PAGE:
I have a new piece up on The Long And Short, suggesting that the “Evidence Based Policy Making” movement ought to be really very worried about the reproducibility crisis in the psychological and social sciences. In summary, the issue is that most of the problems that the sciences are dealing with are highly likely to be there in policy areas too, meaning that the evidence base for education reform, development economics, welfare and many other policy areas is equally likely to be packed with fragile and non-replicable results. I do suggest a solution for this problem (or rather, I endorse Andrew Gelman’s solution), but point out that it is likely to be expensive and time-consuming and to mean that evidence-based approaches are going to be a lot slower and deliver a lot less in the way of whizzy new policy ideas than people might have hoped.
I got quite a bit of pushback. Responding here to a few points made:
“It’s surely better than nothing”. The idea here is that the fragile and non-reproducible evidence base we are likely to have at the moment in a number of policy areas is still good enough to make decisions with. I don’t see how anyone can say this with any degree of confidence at all. The point about non-reproducible evidence is that it doesn’t constitute a valid test of the underlying true model.
“Should we go back to anecdote and political prejudice then?”. I think this objection is also ill-formed, something which is easiest to see if you think about it in Bayesian terms. The weight that you can put on fragile evidence is low, because you know that its statistical significance has been overstated by an unknown amount. In which case, you would only regard the evidence as shifting your view if your original prior was very weak. So perhaps in entirely new policy areas it might make sense to create policy on the basis of a compromised evidence base. When you have a status quo which seems to be broadly working (rather than in crisis, a case which I’ll come to below), then it seems to me unlikely that non-reproducible evidence ought to convince you that a big improvement is possible. Note also that weak evidence might not even be directionally correct; it’s certainly possible that there is material evidence in the literature in favour of policies which might make things worse.
“We’ve got to do something“. Well, do we? And equally importantly, do we have to do something right now, rather than waiting quite a long time to get some reproducible evidence? I’ve written at length, several times, in the past, about the regrettable tendency of policymakers and their advisors to underestimate a number of costs; the physical deadweight cost of reorganisation, the stress placed on any organisation by radical change, and the option value of waiting. A lot of my scepticism about evidence-based policymaking is driven by a strong belief in evidence-based not-policymaking.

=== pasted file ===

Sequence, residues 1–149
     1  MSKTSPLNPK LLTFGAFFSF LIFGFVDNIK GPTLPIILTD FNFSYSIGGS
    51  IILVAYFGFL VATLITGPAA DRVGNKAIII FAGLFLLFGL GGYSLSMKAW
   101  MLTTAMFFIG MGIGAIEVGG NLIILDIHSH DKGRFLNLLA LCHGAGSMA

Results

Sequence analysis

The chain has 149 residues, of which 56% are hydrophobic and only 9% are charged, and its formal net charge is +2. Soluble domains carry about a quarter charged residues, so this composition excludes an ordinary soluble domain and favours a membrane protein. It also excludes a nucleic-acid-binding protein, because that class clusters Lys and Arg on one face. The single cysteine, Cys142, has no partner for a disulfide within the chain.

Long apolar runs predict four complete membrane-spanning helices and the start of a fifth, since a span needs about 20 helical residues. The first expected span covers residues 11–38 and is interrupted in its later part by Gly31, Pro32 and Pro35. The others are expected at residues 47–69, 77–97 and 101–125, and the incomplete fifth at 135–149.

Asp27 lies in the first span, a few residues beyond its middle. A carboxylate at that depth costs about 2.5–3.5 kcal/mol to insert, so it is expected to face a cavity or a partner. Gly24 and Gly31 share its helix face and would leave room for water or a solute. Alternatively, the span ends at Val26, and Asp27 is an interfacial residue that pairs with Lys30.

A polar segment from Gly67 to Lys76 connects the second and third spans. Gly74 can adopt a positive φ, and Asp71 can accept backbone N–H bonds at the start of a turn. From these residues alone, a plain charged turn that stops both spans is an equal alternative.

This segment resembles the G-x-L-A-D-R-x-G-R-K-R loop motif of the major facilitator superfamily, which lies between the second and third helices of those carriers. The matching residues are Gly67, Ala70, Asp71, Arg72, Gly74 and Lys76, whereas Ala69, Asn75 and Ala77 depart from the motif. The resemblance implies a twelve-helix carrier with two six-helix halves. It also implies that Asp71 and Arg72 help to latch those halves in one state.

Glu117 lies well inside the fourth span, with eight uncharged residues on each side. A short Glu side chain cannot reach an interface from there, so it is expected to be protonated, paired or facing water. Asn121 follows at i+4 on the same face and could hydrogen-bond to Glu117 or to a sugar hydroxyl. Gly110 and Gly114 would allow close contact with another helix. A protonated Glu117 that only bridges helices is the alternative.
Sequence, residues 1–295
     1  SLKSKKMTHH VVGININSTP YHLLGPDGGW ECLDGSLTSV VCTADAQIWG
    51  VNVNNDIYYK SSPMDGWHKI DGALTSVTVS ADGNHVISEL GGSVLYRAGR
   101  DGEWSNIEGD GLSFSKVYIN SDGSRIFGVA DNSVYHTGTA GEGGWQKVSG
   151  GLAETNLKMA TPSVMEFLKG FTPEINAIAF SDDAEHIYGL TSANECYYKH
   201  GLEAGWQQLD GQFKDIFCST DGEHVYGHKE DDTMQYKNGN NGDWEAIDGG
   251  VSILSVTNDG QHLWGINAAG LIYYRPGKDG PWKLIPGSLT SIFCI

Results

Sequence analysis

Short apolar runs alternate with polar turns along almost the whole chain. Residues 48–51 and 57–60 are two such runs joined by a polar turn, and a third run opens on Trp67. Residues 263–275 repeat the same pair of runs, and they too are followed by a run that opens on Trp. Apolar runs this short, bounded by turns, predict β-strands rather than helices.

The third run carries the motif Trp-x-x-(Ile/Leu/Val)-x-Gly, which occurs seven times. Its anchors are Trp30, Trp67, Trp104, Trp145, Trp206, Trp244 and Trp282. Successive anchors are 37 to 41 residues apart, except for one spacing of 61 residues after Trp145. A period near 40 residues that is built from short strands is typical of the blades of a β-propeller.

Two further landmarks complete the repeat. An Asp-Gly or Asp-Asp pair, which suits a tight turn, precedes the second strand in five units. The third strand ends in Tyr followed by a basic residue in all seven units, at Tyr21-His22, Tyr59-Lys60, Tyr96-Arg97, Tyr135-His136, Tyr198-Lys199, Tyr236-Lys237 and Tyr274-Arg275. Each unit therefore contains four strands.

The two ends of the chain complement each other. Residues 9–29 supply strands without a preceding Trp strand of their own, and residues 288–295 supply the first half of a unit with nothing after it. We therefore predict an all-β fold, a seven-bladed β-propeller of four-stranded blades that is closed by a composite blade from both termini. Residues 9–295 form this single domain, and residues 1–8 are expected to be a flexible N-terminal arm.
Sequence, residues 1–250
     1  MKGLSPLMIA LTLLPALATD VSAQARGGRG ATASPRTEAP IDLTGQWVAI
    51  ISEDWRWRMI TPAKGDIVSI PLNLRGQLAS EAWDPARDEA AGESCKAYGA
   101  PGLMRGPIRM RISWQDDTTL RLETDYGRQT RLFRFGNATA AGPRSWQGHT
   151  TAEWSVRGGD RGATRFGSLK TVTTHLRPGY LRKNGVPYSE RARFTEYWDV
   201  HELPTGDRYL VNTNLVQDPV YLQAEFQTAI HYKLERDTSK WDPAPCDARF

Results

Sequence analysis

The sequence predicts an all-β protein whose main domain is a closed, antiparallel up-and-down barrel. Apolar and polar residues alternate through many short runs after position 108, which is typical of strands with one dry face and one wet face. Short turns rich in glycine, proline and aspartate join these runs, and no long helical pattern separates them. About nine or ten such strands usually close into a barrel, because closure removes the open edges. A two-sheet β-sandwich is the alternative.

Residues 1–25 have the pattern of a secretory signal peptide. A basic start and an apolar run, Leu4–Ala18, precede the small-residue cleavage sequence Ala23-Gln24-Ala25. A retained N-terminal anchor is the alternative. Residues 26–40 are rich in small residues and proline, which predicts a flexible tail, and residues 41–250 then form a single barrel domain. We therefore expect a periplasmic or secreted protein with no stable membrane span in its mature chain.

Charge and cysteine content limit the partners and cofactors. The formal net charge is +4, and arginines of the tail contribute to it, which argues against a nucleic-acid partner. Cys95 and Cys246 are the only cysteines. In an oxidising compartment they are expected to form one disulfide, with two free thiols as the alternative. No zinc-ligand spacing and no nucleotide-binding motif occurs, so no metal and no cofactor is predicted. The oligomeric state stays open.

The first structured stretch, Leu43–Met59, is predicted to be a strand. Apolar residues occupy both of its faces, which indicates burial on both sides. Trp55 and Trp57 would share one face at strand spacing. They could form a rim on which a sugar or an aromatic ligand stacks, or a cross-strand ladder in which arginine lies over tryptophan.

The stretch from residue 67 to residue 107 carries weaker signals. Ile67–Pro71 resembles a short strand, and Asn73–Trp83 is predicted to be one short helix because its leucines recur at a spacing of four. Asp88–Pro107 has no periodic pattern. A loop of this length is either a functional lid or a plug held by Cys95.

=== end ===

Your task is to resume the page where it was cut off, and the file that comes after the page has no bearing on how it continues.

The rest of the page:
Finally, I’d note that the use of a published social sciences evidence base is not at all necessarily inconsistent with making policy based on political prejudice and anecdote. In my experience, a lot of the Leading British Evidence-Based Community seem to combine a deep sense of paranoia about policymakers wanting to ignore evidence and go back to prejudice and anecdote, with an equally deep naivete about the same policymakers cherry-picking from the evidence offered, a problem which would still exist even if the evidence itself was robust. Since they are in large part advising people like Michael Gove, I think this is a bit of a blind spot.
In summary, my view then is that what we need is genuine, robust-evidence-based policy making, and (therefore) a lot less of it. What we’re likely to get is policy making based on a biased selection from an already weak evidence base, combined with a structural attempt to delegitimise any protest or critique of that policymaking as Luddite and anti-scientific. People need to be worrying about this.
 There’s a temptation to read about all the problems with p-values and presume that this is all a problem of frequentist statistics and that we wouldn’t have a reproducibility problem if everyone converted to Bayesianism. Unlikely, IMO. The underlying problem here is methodological, not mathematical. There are some interesting issues which are created by the arbitrary choice of 5% as a significance level, but the general issue of institutional incentives to overstate statistical significance would be there whatever framework you use.
 Historical note: I didn’t. I think I had a point here and meant to fill it in, but went to sleep instead and forgot it. Presumably it was to do with the fact that the perception of a policy area as being “in crisis” in the first place, and therefore requiring immediate action, is itself a political decision and subject to huge amounts of cherry-picking. The decision of what you need to gather evidence on is one which itself ought to be evidence-based; we can note that we have huge amounts of evidence-based suggestions for education policy but only John Quiggin appears to be regularly making an attempt at evidence-based intelligence policy.